Looking Backwards

Third day, third blog.  One a day for a week.

I’m working backwards through time a little bit, and looking back at the works I have done over the last wee while to get a feel for where I have been. I’m hoping this will also give me a feel for where I am going.

The second time I showed this work was in the Titirangi emerging artist awards in August 2014.

Notes from Reading. (End of Undergraduate to 1st August 2014)

Typewriter Ink on Paper Roll 22.5 cm x 10 cm as roll.

Notes from Readings 1

This was the artist statement I had to write for the show:

The quirk and chaos of these excerpts pushed together with no rhyme or reason show the eclecticism of influences that inform my art practice.  These are things I have picked up and sometimes put down and forgotten, scribbles in my dog-eared notebooks of things I have heard, seen, read or thought.

Artists act like conduits, absorbing information from the world, internalising the parts that resonate, separating strands, connecting others, and constructing works that are ideas made solid, combinations of influences put in.

These are some of mine; words and ideas archived together in a rolling continuous document, jumbled and juxtaposed, a miscellany of information.

Notes from readings 2

It’s fairly self explanatory, periodically I sit down at my typewriter and re-read through my notebooks. When something resonates, whether I have written it myself or have copied it from somewhere else, I type it in. The roll of paper acts a bit like my mind, my memory, or an archive where things are stored in a nonsensical way. The way I showed it as a roll denied the viewer access to all but the outside, compressing the document into an object rather than a piece of writing or a wall work.

I have plans, when I finally finish the roll (its a very long roll) to possibly seal it in plastic so that even I can’t access the information. So in a way the information contained within will be sealed, forgotten, archived. Then perhaps later I can have the pleasure of tearing the plastic open and finding anew all that had resonated with me. Or I can have the pleasure of knowing that all those thoughts and reflections are safely sealed away.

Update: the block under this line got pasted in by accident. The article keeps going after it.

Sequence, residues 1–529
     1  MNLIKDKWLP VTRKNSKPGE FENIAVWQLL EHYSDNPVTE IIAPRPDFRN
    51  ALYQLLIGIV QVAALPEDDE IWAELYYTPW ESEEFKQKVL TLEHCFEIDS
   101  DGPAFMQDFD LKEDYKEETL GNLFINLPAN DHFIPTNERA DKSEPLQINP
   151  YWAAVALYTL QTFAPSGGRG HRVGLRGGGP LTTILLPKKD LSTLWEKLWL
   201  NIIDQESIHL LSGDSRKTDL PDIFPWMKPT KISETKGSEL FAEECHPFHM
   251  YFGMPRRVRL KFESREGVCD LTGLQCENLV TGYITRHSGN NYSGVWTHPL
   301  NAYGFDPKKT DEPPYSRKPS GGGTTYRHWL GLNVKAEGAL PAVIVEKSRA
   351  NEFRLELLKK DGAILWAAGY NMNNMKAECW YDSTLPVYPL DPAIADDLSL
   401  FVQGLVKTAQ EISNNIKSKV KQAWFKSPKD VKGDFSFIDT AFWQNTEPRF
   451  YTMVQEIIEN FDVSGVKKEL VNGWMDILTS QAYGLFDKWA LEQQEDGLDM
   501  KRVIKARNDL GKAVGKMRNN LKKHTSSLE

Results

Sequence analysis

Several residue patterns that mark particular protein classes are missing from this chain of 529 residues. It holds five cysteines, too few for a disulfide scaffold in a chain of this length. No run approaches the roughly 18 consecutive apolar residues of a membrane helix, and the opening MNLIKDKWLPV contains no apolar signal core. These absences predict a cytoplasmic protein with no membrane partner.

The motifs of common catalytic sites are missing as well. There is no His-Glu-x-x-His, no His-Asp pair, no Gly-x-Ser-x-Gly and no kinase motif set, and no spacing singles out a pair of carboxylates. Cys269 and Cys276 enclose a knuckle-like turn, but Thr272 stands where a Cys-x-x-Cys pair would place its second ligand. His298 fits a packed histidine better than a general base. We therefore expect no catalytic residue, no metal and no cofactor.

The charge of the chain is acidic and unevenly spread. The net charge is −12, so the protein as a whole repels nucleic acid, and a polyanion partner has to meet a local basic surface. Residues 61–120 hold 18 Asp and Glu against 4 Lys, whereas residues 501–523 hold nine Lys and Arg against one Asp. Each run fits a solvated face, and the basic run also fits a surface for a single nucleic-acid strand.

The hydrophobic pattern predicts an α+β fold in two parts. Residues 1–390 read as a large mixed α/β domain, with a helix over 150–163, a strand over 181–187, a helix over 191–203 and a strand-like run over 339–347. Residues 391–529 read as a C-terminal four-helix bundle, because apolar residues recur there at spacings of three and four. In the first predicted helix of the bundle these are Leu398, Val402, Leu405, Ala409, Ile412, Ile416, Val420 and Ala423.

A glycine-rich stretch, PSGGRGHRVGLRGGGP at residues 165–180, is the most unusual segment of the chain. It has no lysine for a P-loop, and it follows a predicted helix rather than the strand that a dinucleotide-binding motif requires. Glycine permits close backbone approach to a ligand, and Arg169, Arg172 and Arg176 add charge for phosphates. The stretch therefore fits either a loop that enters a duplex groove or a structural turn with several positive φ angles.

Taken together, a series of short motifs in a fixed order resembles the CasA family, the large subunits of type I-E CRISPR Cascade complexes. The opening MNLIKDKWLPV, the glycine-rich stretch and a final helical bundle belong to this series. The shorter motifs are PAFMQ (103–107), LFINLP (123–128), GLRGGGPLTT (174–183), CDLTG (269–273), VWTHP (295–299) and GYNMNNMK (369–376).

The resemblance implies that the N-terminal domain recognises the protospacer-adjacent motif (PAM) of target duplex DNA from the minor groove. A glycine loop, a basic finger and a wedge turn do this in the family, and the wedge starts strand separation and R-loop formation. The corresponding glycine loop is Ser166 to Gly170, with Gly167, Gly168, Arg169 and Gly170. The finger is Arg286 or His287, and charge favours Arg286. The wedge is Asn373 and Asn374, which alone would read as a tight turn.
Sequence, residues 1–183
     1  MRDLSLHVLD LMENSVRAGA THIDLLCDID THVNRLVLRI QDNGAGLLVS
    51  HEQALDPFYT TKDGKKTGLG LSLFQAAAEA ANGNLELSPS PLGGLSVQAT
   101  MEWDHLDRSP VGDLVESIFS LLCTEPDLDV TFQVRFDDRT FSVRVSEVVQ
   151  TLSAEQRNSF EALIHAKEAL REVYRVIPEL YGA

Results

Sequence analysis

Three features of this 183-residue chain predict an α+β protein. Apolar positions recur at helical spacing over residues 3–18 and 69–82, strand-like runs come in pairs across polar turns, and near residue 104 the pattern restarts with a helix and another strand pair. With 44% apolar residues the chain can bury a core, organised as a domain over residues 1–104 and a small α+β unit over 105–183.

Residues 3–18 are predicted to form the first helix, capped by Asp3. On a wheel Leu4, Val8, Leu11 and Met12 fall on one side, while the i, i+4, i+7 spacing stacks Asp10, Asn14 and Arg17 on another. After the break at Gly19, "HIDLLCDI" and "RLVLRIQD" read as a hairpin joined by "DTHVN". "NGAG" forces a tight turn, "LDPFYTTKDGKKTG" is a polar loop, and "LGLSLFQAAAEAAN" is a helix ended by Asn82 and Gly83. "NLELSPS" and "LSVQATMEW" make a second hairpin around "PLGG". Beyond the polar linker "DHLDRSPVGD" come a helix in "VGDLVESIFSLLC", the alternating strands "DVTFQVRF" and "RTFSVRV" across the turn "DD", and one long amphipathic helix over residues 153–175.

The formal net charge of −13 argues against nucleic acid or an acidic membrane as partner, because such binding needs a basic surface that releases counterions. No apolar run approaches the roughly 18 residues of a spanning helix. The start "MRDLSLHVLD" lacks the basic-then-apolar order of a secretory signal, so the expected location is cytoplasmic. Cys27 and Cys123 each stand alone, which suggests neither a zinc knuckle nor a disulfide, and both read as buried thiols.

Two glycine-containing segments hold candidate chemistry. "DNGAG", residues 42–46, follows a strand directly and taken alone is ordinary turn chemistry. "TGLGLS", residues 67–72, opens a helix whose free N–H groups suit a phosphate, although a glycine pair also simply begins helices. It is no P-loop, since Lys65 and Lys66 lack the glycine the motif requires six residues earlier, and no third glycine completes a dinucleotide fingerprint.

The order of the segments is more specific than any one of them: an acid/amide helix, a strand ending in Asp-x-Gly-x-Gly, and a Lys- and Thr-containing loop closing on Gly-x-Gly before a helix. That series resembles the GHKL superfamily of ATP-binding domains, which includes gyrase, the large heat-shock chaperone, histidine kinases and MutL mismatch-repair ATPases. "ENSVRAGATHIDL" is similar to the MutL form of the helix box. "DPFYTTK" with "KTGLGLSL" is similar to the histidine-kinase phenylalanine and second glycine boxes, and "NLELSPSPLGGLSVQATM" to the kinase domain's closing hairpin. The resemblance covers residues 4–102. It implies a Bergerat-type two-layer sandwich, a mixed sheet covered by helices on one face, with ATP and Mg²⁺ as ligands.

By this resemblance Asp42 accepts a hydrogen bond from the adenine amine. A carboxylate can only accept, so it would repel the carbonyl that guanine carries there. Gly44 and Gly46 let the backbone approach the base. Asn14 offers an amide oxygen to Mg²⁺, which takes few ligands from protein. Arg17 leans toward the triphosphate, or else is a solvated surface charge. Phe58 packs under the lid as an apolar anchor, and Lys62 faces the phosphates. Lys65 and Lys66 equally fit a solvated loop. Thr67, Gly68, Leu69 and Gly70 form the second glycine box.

And what do I think about the work now as I sit here and look at it again later? I still like it. I like that although time intensive it is pretty simple. That it is personal but not too touchy feely. The artists hand is seen in the curled paper and the typos in the text. The text also shows only glimpses of the artists mind. A record not only of things I was reading but also the kind of journey someone undertakes on a Masters degree when there is so much to read, so much to look at, to think about that it can become all jumbled up inside your head.

Each small fragment of thought, of research is chronologically ordered but no date is given so narratives play out within the text but are unintentional. Unintentional but honest in a way because they are the things that informed my thinking, the narratives are my own, even if unrealised.

I ask myself why didn’t I write a digital copy at the same time, a massive perplexing document that is a history and archive an immense map of my reading and thinking journey.  Something that could be cut and pasted turned into video, projected on a wall, run through Google translate, printed in various sizes of type from the ridiculously large to the tiniest text to fit in on a single sheet of paper.

I think this idea, this collection of input has potential directions that I haven’t explored. Isn’t that true of all artworks? There is always something else you can do with it?

 

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